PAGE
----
A long drive, much of it in a red canyon right next to the Colorado River, brought us to the LaSalle mountains, quite a change of scenery. We drove up high enough to find a shady lunch spot under ponderosa pines. While there, a friendly man told us about dinosaur tracks just a little way up the road. 

These were much easier to find: big raptor tracks in an alpine setting. Amazing.

The final stop was our only National Park moment. 

Island in the Sky, in Canyonlands, is exactly how it sounds, a place of amazing views. Hikers, (like my parents  if I'm not along) find more fun in the the Needles area of the park. 

This is how I look on the edge of a cliff.

This is how I feel at the edge of a cliff.

There is more to tell, but I'm broken. I need to rest for a few more hours this afternoon before even thinking about dinner preparations.

Besides, the River Museum in Green River (highly recommended) sells a bumper sticker that says "Keep Green River Secret." So don't tell anyone that it is a better base camp than Moab.

I will show you my knitting next week.

Friday, May 19, 2017

Back to the Stone Age


I'm going camping with my parents next week.

 What that actually means has changed a lot over the years.

I went backpacking before I can remember, when I was small enough to be the backpack, but big enough to try to evict Mom from our shared sleeping bag in the middle of the night.
This looks just like our tent, and our mountains.

 I was nine or ten when my parents bought a canvas spring-bar tent (which is still entirely serviceable almost 30 years later). The tent trips have blurred into a collection of similar memories, but they are all pleasant. While camping, we kids would burn pinecones in the fire, wade in little streams, and explore nearby woods.
This trip, I prefer my parent's healthy food.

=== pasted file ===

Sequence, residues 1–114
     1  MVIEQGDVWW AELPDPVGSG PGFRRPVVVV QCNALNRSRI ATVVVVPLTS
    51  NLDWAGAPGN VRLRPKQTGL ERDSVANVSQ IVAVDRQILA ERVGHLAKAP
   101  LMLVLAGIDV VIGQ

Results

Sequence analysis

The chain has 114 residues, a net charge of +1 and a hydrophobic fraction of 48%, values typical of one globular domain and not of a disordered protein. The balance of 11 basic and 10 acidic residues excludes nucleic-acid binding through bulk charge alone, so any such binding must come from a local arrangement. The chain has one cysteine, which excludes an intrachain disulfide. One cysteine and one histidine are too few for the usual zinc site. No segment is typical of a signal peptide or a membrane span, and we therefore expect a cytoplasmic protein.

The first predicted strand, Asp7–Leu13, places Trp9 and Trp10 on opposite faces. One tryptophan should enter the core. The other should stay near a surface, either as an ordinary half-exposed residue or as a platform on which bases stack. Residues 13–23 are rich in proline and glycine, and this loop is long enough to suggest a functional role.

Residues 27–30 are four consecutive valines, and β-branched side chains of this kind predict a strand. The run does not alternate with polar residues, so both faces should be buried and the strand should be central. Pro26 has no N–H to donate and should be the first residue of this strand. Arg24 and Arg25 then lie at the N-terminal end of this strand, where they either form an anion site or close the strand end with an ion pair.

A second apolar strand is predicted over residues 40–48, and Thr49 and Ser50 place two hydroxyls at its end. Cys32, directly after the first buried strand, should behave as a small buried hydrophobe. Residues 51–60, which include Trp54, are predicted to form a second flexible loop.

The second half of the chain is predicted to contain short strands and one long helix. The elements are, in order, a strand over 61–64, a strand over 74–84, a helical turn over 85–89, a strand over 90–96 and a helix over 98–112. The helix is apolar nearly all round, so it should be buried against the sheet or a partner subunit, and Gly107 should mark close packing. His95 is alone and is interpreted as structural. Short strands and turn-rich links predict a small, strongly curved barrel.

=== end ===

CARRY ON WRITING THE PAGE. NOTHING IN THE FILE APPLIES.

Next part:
We tasted rare delicacies-- soda pop, sugar cereal, and canned stew or ravioli--junk food truly appreciated by kids used to three home-cooked meals a day with fresh ingredients from the garden.

I remember listening to rain on the canvas at night and waiting in my sleeping bag on cold mornings for Dad to get up first and restart the fire.

The memories are idyllic, but I've taken my kids on tent camping trips and have seen them from the other side--mud and soot everywhere, kids stuck in the tent all day because the rain just won't stop,  midnight walks to smelly outhouses.

 I don't have clear memories of Mom doing anything but cooking. Most of the time she was probably trying to keep my younger siblings from drowning in streams or burning themselves in fires.

 Every time I took my kids camping, I had extended family as backup. Mom didn't. I don't know how she did it, especially how she kept on doing it, but I'm grateful.
This poor kid needs a book and a flashlight.

Eventually, a tent trailer made camping easier for everyone. It was amazing. We could cook and eat indoors away from bugs and weather. If it rained, there was a table for playing cards or coloring pictures. There was enough room to spread out and not all be on top of each other. No one had to sleep on bumpy ground or walk across bedding with muddy shoes.

My parents' current trailer is even nicer. It is hard-sided and easier to set up (though not to park). There is a bathroom with shower, a tv, DVD player, microwave, and air conditioning. We will be at a state park with electrical hookups, so everything will work.

Of course this is far from stone-age living. My only "sacrifice" is to be without the internet for two whole days.
I would love to understand these stories carved onto stone.

So why did I choose a stone-age title? Part of it is tongue-in-cheek because of such cushy camping.

It also fits our destination, the Canyonlands area of the Colorado Plateau, where stone formations are  what people come to see.

Finally, we will be visiting areas long inhabited by "Stone Age" people who were clever enough to farm, hunt, and raise families in a landscape that quickly kills modern folks once we are separated from our technology.

Even with all the mod-cons, survival will be an issue for me. Though my parents are old enough to be my parents, they are super healthy. They hike three miles a day--sun, snow, or rain. I can walk a slow mile, on mostly level sidewalks, most days, if I haven't already over-exerted myself.

The schedule was planned to accommodate all of us. There will be drives to fantastic overlooks and through pretty scenery for me, then I can rest in the trailer or the back of the truck while my folks scale cliffs to chase bighorn sheep.

I'll let you know how I did in next week's blog. Hopefully with good pictures.


I finished the papaya shawl, which will become a birthday gift this fall.

I also knitted enough adoptable sheep to make an even dozen, still all Shetland, though in even more shades, and have finally listed them in my shop ($20 each).

Currently on needles is a summer scarf made of a soft silk/linen blend.

And I'm packing yarn, needles, and patterns for my (four day) camping trip. I'm not sure I have enough.